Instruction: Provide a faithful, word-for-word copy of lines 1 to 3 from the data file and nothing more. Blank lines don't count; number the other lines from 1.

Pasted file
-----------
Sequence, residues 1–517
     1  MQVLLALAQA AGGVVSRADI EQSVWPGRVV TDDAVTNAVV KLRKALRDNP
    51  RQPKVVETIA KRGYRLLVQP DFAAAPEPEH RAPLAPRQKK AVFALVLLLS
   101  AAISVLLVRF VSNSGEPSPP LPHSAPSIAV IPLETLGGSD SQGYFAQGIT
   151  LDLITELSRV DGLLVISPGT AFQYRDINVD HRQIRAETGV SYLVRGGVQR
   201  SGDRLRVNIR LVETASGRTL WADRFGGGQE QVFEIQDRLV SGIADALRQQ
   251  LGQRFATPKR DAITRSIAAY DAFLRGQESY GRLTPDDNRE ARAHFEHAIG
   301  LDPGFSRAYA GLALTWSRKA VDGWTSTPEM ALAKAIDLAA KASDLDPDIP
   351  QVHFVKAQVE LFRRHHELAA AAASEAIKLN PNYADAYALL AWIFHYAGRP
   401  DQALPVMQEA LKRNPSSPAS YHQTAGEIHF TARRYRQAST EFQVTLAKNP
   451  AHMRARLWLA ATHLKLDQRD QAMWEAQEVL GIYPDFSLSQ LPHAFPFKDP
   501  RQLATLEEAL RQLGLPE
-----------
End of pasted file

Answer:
Sequence, residues 1–517
     1  MQVLLALAQA AGGVVSRADI EQSVWPGRVV TDDAVTNAVV KLRKALRDNP
    51  RQPKVVETIA KRGYRLLVQP DFAAAPEPEH RAPLAPRQKK AVFALVLLLS